Nick Diaz’s attorney demands NSAC hearing April 24th or the suspension is bogus

Tonight, I basically parked my car halfway in someone’s driveway because the streets were jammed bumper to bumper. I may not have a car by the time you read this. It could exist in that big car park in the sky. Automobile afterlife, where 2001 Honda Civics can have fire-side chats with 1962 Ford Mustangs and talk about the old days. Alternatively, my car could be in ‘car purgatory,’ otherwise known as the Los Angeles Impound. It costs like a trillion dollars to get your car out and throughout the entire process you feel like you’re in one elaborate ‘walk of shame.’ It’s like bailing your girlfriend out of jail after she took off her heel and started clobbering some chick at a bar. There’s nothing fun or funny about getting your car towed. In the worst case scenario, if my car does get yanked by parking authorities, I think I will employ the ‘Ross Goodman’ defense and everything should be alright.

If you haven’t been following the ‘209 Saga’ the past couple weeks, Ross Goodman is Nick Diaz’s attorney. As of Friday, he wants the Nevada State Athletic Commission to hear Nick Diaz’s case on April 24th or he believes the NSAC will abandon all authority to their complaint against Diaz. Goodman is also giving the NSAC ‘no later than April 16th’ to respond. Here’s Ross Goodman’s letter sent to the NSAC that was obtained from our buds at FightOpinion.

Re: Hearing of First Amended Complaint against Nick Diaz

Dear Mr. Eccles:

We have received no response to our correspondence dated April 12th, 2012, seeking confirmation that the NSAC’s complaint against Mr. Diaz will be heard on April 24th, 2012.

Our client’s license is presently suspended on a summary basis until a final determination of any disciplinary action to be taken against him, under an order made by the NSAC pursuant to NRS 467.117(2) and NRS 233B.127(3) on February 22nd, 2012 (the “Summary Suspension Order”).

The law does not permit the NSAC to suspend our client indefinitely pending a hearing and determination of the complaint, but imposes a reasonable and definite time limit when which the complaint must be heard and determined. By enactment effected May 22, 2009, Nevada’s legislator amended NRS 233B.127(3) to provide that “[p]roceedings relating to the order of summary suspension must be instituted and determined within 45 days after the date of the order unless the agency and the licensee mutually agree in writing to a longer period.” [emphasis added] (Prior to this amendment, the time limitation was that the proceedings be instituted and determined “promptly”.) Requests for documents, including documents which are not relevant to the matters in dispute and which are protected by statutory and common law privilege, do not operate to extend the time limit within which a hearing must be held pursuant to the statutory limitation.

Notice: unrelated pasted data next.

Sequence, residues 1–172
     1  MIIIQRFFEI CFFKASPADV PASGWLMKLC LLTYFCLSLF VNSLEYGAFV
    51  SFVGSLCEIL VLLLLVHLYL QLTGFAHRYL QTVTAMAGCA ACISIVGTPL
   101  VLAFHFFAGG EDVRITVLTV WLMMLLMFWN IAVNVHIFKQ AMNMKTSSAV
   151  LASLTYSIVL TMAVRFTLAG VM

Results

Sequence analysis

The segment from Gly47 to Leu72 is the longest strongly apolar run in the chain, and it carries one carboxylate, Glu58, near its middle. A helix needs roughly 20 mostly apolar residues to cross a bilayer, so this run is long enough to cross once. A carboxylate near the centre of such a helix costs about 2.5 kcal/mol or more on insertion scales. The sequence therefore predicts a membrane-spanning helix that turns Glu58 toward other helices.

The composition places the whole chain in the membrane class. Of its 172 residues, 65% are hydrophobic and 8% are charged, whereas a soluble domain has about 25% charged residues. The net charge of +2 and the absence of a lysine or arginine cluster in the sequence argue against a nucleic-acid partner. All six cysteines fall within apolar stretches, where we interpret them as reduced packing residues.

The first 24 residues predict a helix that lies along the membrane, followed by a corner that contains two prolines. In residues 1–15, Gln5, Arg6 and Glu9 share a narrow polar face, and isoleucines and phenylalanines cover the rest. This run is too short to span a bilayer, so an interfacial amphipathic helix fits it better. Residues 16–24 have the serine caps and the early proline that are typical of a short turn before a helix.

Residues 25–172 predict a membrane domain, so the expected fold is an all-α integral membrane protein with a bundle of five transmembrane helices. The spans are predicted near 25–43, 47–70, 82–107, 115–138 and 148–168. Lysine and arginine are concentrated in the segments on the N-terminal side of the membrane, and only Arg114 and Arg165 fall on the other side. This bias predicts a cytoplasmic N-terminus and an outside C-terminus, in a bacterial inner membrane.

The final day for the hearing and determination of the NSAC’s complaint against Mr. Diaz was therefore April 6th, 2012 — 45 days after the date of the Summary Suspension Order. In discussions with Mr. Kizer, following the Summary Suspension Order, Mr. Kizer informed me and others that this matter would be placed on the NSAC’s April agenda. Our client was and is confident that there is no basis for disciplinary action against him and therefore did not object to a delay beyond the required 45 day time limit as long as the matter was heard and determined in April.

However, our client objects to any further delay.

We presume that the NSAC will comply with its statutory obligation to have this matter heard on April 24th, 2012. If not, my client takes the position that the NSAC has by virtue of its delay irrevocably elected to discontinue or abandon its complaint against Mr. Diaz. The NSAC has no authority to hear or determine the complaint at a later date, and any such purported hearing or determination of the complaint would be ultra vires the NSAC’s statutory powers.

We expect your response no latter than 4 PM, Monday, April 16th, 2012.

Very truly yours,

Ross C. Goodman, Esq.

We would send LayzieTheSavage on the case, but he’s too busy pretending to work out with the Diaz brothers at Cesar Gracie Jiu-Jitsu and taking silly pictures with Ronda Rousey. Damn, that guy has a hard life. Working for MiddleEasy is torture.

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